Since then, the price has constantly increased, dramatically so over the past few decades. In 2009, a 10 milliliter vial of insulin cost between $90 and $100. Today, that same vial will cost between $250 and $300, even though little about the drug has changed.

When HB 66 was sent to the governor only two other states in the U.S. had hard caps for insulin copays. The first to introduce one was Colorado in May 2019, and the second was Illinois in January, both states have their caps at $100 per month. 

In March, governors of six other states signed legislation capping the price of insulin. New Mexico, Utah and Maine set their caps lower than Virginia’s at $25, $30 and $35, respectively. West Virginia, Washington and New York will set caps at $100.

The new cost in Virginia will be reflected in insurance plans starting Jan. 1, 2021, coinciding with plans purchased during the next round of open enrollment, Carter wrote on Twitter. He added, “The fact that it had to be done this way is a reflection of how generally screwed up our healthcare system is.”

Workers urge Northam to sign minimum wage bill

By Ada Romano, Capital News Service

RICHMOND, Va. -- Workers and advocates are urging Gov. Ralph Northam to sign a bill that would raise the minimum wage to $9.50 at the start of next year. The General Assembly will reconvene on April 22, and lawmakers will reevaluate recently passed legislation as the state’s economy takes a blow and unemployment climbs during the COVID-19 outbreak.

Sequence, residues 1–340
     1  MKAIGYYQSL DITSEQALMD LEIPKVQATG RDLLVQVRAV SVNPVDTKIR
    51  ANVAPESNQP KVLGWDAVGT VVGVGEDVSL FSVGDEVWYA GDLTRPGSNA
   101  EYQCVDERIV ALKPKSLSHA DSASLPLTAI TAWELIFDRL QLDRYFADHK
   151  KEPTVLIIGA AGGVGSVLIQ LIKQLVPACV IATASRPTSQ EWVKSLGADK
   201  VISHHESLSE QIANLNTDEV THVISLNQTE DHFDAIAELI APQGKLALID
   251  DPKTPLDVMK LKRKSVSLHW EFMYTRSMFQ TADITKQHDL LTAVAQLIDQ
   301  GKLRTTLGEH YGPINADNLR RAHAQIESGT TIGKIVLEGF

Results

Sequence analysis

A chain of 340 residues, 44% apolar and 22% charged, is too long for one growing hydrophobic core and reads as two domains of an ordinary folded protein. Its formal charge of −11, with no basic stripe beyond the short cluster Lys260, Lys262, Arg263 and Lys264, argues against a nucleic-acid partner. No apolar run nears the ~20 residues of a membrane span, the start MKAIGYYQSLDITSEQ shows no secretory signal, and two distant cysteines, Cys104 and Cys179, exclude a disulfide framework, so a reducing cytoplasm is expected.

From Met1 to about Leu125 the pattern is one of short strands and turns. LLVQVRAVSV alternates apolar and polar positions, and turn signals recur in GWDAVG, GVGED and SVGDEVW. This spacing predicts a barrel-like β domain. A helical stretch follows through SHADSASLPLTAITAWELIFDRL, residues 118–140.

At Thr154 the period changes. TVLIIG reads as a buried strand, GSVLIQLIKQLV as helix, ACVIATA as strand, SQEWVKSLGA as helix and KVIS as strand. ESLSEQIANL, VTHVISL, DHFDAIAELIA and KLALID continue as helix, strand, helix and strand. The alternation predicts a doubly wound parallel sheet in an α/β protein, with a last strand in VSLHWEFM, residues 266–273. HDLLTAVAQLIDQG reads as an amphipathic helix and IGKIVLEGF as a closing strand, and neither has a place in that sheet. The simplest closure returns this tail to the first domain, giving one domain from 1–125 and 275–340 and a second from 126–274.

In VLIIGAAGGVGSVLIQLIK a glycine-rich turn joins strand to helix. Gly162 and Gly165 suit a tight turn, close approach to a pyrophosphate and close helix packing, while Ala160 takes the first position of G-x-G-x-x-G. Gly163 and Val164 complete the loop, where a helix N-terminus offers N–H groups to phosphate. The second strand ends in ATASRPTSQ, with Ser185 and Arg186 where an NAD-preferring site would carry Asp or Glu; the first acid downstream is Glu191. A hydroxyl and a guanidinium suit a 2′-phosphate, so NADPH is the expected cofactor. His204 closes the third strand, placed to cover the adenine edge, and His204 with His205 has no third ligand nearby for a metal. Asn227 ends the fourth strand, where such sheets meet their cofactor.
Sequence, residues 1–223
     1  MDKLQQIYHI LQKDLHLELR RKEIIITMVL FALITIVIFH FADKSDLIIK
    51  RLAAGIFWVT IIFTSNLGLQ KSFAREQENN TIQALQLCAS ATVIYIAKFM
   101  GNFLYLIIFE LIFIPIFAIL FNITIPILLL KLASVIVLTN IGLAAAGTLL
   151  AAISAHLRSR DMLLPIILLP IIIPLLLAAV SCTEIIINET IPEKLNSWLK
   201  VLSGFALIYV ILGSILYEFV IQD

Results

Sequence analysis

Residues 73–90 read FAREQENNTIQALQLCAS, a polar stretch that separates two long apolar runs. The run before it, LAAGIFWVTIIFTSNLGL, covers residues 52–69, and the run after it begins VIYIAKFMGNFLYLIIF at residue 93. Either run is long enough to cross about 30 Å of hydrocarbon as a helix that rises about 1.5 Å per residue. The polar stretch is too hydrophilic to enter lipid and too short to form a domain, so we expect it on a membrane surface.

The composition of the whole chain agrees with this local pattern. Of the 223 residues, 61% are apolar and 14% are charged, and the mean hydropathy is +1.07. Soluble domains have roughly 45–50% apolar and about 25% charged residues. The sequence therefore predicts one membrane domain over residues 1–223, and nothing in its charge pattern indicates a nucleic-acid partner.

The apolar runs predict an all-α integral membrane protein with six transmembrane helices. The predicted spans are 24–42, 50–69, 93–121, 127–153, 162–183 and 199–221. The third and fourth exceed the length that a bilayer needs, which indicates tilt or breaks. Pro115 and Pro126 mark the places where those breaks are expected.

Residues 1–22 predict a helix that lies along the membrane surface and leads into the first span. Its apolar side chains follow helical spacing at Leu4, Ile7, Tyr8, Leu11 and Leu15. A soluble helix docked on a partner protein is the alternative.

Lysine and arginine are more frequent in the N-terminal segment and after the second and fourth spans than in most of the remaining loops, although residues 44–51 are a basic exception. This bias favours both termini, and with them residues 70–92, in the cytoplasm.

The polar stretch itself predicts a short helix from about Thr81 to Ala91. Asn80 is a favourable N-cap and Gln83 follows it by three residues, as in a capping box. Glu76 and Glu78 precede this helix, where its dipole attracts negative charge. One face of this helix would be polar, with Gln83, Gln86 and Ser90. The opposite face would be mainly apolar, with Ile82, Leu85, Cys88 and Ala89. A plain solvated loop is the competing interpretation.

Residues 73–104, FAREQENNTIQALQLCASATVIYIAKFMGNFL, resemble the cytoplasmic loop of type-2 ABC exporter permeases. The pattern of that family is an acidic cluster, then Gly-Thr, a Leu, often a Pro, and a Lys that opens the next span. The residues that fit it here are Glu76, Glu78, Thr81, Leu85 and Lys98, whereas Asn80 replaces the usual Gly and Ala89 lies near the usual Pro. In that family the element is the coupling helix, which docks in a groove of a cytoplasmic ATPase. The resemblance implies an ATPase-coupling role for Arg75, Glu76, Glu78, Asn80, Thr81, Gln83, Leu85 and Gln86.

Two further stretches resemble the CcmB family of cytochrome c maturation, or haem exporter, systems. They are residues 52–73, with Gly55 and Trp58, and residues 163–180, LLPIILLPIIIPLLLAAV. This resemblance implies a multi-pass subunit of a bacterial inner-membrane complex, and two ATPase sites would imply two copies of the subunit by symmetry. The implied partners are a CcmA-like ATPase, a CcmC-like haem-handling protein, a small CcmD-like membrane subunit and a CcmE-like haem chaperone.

Northam and state leaders anticipate the state’s economy will suffer a major hit from the coronavirus outbreak. Northam didn’t respond directly whether he is considering delaying the increase in minimum wage when asked at a recent press conference. 

“There are a number of pieces of legislation that we are looking at regarding our business environment, and I haven’t made any definite decisions, but we are talking to the patrons of those pieces of legislation,” Northam said. The governor said he will “make a decision in the best interest of Virginia and the best interest of our economy.”

Workers on the front lines of essential businesses continue to serve the public during the COVID-19 outbreak, including many workers who earn minimum wage–currently $7.25 in Virginia. 

Employees at a Virginia Kroger grocery store and Amazon distribution center recently tested positive for the coronavirus. Many essential workers have asked for an increase in pay to reflect the increased need for their services and the elevated risks they take while working. 

Anna Scholl, executive director of Progress Virginia, an advocacy organization, said that raising the minimum wage is necessary to allow these workers to raise their families with dignity. 

“That’s especially true now when grocery store workers, delivery drivers, home health aids and so many more are going to work for low wages and putting themselves at risk of getting sick so that we can stay home and healthy,” Scholl said in a press release.